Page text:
US warned over budget chaos as big cuts loom

The United States was warned Wednesday that its chaotic budget politics could lead to a new credit downgrade as the country readied for the impact of steep automatic spending cuts that begin in two days.

Fitch Ratings said Washington could lose its top-flight AAA credit rating, not because of the implementation of $85 billion in an austere "sequester," but because deficit policy battles are undermining confidence in the government.

It pointed to the next fight, over a new six-month spending plan that if not agreed by the end of March by warring Democrats and Republicans could force a shutdown of the government in April.

"Implementation of the automatic spending cuts -- the sequester -- and a government shutdown would not prompt a negative rating action," Fitch said..

"But such an outcome would further erode confidence that timely agreement will be reached on additional deficit-reduction measures necessary to secure the 'AAA' rating."

Politicians appear resigned to the sequester cuts that begin from March 1, forcing heavy pullbacks in government spending on defense and other areas.

But markets shrugged it off, as stocks pushed higher for the third straight day and the Dow Jones Industrial Average jumped 1.3 percent to its best finish in more than five years -- at 14,075.37, it was its third highest ever close.

"The recognition is that the economy will continue to expand in 2013 and 2014, said Hugh Johnson of Hugh Johnson Advisors.

"Investors do not believe that it will lead to a recession, and that wasn't true for the fiscal cliff," he said, referring to earlier cuts and tax hikes that had been set to start on January 1, before a political deal modified them.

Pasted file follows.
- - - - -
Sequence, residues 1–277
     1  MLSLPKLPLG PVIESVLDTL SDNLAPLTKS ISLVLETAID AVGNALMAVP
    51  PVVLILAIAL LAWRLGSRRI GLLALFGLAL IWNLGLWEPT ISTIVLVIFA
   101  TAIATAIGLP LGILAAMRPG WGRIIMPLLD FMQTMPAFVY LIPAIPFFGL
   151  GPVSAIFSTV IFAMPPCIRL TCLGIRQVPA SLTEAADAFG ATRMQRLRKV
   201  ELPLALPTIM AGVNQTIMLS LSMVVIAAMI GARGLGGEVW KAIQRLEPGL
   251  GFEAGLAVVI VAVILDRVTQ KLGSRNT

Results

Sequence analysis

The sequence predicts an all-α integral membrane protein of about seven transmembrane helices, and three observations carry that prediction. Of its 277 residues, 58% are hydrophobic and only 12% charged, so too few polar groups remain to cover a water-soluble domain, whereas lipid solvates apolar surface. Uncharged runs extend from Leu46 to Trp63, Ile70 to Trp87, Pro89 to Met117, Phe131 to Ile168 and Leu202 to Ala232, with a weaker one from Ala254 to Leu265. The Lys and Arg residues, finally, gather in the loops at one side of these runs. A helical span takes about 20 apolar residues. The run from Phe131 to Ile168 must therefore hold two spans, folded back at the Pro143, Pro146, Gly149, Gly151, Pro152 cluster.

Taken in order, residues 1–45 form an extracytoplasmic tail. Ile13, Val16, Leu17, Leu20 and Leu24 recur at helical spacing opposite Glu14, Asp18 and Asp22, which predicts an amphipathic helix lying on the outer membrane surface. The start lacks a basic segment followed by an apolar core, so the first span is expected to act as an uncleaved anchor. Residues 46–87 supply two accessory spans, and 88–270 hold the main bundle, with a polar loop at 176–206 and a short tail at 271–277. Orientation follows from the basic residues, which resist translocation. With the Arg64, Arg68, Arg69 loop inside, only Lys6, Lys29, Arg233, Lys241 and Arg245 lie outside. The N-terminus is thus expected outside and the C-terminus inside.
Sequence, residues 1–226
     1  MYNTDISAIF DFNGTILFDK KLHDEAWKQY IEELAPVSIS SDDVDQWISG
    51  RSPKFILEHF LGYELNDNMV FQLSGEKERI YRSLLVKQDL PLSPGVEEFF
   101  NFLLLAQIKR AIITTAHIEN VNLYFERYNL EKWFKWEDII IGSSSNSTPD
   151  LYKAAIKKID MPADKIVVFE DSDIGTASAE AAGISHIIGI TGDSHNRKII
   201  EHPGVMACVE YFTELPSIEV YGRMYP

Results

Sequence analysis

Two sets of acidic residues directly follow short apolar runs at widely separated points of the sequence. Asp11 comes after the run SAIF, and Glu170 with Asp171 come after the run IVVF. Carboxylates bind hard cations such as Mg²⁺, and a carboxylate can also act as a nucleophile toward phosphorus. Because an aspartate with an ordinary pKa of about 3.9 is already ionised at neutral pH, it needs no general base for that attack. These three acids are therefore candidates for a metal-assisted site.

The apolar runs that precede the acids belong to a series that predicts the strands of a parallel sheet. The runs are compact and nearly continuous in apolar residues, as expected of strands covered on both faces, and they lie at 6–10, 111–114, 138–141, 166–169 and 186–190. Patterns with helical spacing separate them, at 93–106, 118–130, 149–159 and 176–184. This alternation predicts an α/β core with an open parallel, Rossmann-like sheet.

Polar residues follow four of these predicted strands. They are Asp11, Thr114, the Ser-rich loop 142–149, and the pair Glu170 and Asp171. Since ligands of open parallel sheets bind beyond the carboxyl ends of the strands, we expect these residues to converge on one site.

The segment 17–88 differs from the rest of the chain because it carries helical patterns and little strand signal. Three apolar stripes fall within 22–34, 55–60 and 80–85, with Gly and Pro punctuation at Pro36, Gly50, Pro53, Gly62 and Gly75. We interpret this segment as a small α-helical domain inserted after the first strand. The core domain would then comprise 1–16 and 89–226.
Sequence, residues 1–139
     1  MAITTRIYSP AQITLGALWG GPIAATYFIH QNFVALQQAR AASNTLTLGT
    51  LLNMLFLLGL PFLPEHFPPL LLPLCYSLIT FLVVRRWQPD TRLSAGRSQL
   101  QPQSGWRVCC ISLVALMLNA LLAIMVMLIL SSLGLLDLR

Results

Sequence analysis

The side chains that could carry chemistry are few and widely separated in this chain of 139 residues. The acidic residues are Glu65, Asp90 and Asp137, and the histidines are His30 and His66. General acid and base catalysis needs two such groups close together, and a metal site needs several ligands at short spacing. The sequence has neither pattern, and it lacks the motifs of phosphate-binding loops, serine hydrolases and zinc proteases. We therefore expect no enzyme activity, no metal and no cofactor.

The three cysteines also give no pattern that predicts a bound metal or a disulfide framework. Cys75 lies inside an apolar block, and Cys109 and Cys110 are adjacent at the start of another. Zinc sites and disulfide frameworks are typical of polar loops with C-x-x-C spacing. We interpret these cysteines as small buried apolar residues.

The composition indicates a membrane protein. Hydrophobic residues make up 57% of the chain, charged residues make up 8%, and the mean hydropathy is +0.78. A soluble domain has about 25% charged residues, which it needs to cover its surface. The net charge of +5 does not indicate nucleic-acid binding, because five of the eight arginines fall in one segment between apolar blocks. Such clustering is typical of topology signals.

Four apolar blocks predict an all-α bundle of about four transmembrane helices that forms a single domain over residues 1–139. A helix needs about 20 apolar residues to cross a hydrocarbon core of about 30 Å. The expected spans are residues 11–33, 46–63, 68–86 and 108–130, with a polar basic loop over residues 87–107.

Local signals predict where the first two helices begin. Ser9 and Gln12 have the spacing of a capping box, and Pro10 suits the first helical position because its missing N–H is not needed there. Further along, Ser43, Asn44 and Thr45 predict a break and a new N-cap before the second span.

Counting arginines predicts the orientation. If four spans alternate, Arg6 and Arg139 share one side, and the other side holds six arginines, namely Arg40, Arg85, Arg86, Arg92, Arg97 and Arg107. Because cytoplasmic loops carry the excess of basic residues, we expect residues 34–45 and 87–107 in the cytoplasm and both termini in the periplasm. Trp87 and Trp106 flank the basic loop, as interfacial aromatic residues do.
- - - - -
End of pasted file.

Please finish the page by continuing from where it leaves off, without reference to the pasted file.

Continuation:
Economists, including Federal Reserve chief Ben Bernanke, say the sequester could trim another 0.5 percentage point or more from US growth this year.

The White House has warned of a "perfect storm" of furloughs for workers, nationwide airport delays and less secure US borders, and says pre-school programs could be canceled, teachers laid off and public services curtailed.

Alice Rivlin, a Brookings Institution economist and formerly a top government budget expert, said the sequester cuts will "endanger the economic recovery that is finally picking up speed."

"More austerity will stall job growth, as similar policies have in Europe," she said.

There is still a possibility that the sequester can be avoided or softened.

President Barack Obama will hold talks with congressional leaders Friday at the White House, only hours before he has to implement the sequester law.

A deal on more moderate spending pullbacks within early March could mitigate most of the sequester's impact, as government lay-offs and other cutbacks will only be really felt beginning in April.

But some Republicans privately complained of the meeting being called for Friday -- the day the cuts come into force -- meaning the White House was not serious about stopping the sequester.

It appeared that the sequester talks were being mixed with budget extension discussions, with the same issues at the center: Republican demands for spending cuts against Democrats' insistence on revenue increases as well.

The two sides have to come up with another six-month "continuing resolution" by March 27 to keep the entire government funded.

Past that, the Congress and White House have another deadline, May 19, to raise the US borrowing ceiling or face, for the third time in two years, the possibility of defaulting on its debt.

Fitch said it does not expect a repeat of the debt ceiling crisis of August 2011, which prompted Standard & Poor's to strip the United States of its AAA rating.

But Fitch said a failure this year to raise the ceiling "in a timely fashion" would "likely" lead it to downgrade America.